Breeders' Cup: Top seven Mile memories
A Mile three-peat may never be equaled, so Hall of Famer Goldikova’s incredible third straight victory tops my rankings.
The French filly had shown her greatness in her two previous Miles as well. Trapped stalking on the inside in the 2008 edition at Santa Anita, she extricated herself in a flash and deployed a blistering turn of foot to dethrone defending champion Kip Deville. In her 2009 title defense at the same track, Goldikova’s far outside post required different tactics, dropping back near the rear, but her furious rally propelled her.
At Churchill Downs in 2010, Goldikova was again drawn toward the outside in post 10, and she found herself stacked wide in midpack on the clubhouse turn. Commencing her bid wide turning for home, she soon ended the suspense in the stretch and reigned supreme over multiple Eclipse Award winner Gio Ponti.
Although future Hall of Famer Beholder would go on to win a total of three Breeders’ Cup races, no one has matched Goldikova’s feat of sweeping the same championship event three times – let alone in succession.
Hall of Famer Miesque was the first two-time winner in Breeders’ Cup history. The French star cemented her legendary status with her 1988 title defense, despite a limited campaign, when dominating Steinlen (the 1989 Mile champ) at Churchill Downs.
But her first Mile is what is emblazoned in the memory. With a paint-scraping gambit at old Hollywood Park, Miesque blew the race apart in a course-record 1:32.80. In a fine piece of historical continuity, Miesque’s jockey, Freddie Head, would return to the Mile as the trainer of Goldikova.
Royal Academy (1990)
Under an inspired ride by the all-time great Lester Piggott – who had just returned to the saddle, at the age of 54, from a five-year retirement – Royal Academy recovered from a slow start in a last-to-first thriller. His win rates as one of the most significant in the championships’ history for another reason. Royal Academy was the only Breeders’ Cup runner for Irish training genius Vincent O’Brien.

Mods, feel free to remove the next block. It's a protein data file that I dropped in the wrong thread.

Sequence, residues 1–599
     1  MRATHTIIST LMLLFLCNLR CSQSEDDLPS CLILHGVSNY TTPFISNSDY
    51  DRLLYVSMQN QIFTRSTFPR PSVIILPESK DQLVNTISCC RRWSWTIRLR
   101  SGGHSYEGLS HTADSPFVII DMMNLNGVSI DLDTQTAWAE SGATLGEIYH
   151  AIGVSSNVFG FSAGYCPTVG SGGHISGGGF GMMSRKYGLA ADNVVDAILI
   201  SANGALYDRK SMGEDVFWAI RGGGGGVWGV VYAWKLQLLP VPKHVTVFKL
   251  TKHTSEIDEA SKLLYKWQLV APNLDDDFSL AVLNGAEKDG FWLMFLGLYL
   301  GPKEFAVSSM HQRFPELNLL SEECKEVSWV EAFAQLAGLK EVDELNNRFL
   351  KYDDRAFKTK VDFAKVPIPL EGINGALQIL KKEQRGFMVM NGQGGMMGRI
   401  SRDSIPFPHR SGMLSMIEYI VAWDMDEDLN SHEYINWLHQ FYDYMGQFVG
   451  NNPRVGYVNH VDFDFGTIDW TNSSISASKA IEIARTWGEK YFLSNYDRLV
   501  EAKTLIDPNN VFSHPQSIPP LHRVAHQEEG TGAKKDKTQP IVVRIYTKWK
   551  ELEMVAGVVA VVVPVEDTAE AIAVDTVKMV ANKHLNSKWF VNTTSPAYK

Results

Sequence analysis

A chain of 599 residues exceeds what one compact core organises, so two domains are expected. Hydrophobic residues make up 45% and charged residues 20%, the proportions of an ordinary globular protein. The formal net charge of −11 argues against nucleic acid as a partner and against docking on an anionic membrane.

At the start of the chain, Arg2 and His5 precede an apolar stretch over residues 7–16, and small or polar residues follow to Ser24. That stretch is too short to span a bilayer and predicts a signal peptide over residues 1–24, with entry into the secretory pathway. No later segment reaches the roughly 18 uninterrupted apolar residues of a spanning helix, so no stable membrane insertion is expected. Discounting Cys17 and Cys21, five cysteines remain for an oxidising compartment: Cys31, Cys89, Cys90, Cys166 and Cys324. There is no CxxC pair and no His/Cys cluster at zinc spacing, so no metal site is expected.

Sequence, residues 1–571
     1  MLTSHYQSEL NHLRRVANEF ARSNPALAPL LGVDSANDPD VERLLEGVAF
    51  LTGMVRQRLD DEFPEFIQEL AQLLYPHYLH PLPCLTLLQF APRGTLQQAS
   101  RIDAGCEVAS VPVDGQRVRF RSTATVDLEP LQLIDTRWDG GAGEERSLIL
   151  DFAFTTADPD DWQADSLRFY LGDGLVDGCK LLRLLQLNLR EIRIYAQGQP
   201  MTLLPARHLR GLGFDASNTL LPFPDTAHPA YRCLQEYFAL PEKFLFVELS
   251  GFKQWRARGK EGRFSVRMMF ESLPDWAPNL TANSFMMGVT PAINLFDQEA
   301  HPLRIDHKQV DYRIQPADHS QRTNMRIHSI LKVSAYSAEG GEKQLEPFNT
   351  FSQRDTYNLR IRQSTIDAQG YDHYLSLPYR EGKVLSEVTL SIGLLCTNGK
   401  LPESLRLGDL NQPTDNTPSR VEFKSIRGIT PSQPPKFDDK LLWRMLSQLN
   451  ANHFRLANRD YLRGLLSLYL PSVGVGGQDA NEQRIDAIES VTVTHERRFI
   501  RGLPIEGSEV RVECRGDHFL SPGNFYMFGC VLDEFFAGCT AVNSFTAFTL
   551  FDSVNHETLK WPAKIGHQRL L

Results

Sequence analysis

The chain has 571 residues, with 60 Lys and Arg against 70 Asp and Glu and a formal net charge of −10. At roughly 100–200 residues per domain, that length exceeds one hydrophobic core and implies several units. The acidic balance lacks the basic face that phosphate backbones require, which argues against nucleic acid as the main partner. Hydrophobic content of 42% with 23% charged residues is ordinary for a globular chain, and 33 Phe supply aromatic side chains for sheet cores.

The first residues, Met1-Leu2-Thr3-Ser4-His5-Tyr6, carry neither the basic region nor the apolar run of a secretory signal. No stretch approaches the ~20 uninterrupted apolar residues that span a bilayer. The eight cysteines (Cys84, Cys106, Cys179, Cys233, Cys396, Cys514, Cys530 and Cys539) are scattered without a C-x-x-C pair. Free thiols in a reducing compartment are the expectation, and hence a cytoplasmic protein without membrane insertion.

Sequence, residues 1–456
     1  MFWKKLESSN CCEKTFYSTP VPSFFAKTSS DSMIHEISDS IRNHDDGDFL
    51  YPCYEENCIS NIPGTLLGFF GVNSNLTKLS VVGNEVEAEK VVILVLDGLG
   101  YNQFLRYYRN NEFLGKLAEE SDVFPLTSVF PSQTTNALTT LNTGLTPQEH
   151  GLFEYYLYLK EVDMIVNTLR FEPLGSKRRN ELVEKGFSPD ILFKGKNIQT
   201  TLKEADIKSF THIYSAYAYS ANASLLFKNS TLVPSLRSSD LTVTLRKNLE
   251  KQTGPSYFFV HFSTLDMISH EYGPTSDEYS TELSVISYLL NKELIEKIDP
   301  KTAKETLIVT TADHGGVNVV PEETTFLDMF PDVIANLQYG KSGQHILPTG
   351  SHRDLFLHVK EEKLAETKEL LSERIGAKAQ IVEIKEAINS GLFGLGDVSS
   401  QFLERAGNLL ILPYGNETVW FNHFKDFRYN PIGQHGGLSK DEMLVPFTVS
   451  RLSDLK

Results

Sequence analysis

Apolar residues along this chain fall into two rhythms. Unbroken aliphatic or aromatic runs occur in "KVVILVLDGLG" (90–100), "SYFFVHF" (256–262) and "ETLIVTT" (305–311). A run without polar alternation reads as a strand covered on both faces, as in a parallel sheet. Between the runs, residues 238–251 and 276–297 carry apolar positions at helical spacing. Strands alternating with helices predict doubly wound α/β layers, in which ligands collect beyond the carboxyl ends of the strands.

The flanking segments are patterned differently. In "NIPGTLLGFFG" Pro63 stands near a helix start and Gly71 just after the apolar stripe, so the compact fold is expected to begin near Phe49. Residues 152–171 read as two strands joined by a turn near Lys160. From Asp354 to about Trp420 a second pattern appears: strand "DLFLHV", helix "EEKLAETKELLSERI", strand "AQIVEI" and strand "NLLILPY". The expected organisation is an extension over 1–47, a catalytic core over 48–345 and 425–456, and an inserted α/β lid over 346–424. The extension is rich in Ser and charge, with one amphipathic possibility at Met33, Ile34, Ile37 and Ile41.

Da Hoss (1998)
Sidelined for two years after his 1996 Mile victory, Da Hoss had just one prep race ahead of the 1998 edition at Churchill Downs. It was an amazing training performance by Michael Dickinson to get him back to peak form to regain his title. And Da Hoss himself delivered a remarkably game effort, revealing that he’d lost nothing of his competitive fire. After sweeping to the fore in the stretch, he was collared by Hawksley Hill, who put his head in front. But Da Hoss didn’t come this far to lose. Digging in again, he somehow found enough to force his head back in front at the wire.
French longshot Domedriver capitalized on an inside passage to overturn 4-5 favorite Rock of Gibraltar in the 2002 Mile at Arlington. It’s a race that “Rock” fans would rather forget, after he was stone last on the backstretch and had to alter course abruptly swinging into the lane. Yet Domedriver was worthy on his day to spring one of the Breeders’ Cup’s most famous upsets.
In the 1992 Mile, Hall of Famer Lure parlayed his rail post to a brilliant front-running score in a course-record 1:32.90 at Gulfstream Park. But in his repeat bid at Santa Anita in 1993, Lure had to overcome post 12. He was hung out very wide on the first turn through an opening quarter in :22.67, and accordingly expended more energy to take control than the half-mile clocking of :45.88 implies. Yet Lure opened up by daylight in an ultimately comfortable victory over a field including the 1994 Mile hero, Barathea.
Wise Dan (2012)
Which Mile win by Hall of Famer Wise Dan at Santa Anita was more memorable? His repeat victory in 2013 served up more drama, with Jose Lezcano a last-minute sub for John Velazquez, who was injured in a spill, and Wise Dan’s bobbling start that put him further behind.
But if you emphasize depth of the opposition, and final time, his first Mile in 2012 deserves the nod. Wise Dan rolled in 1:31.78, then a stakes and course record, while beating such champions as Animal Kingdom, the Kentucky Derby (G1) and Dubai World Cup (G1) winner; Excelebration, a star miler when not playing second fiddle to Frankel; and Moonlight Cloud, who nearly toppled Black Caviar at Royal Ascot.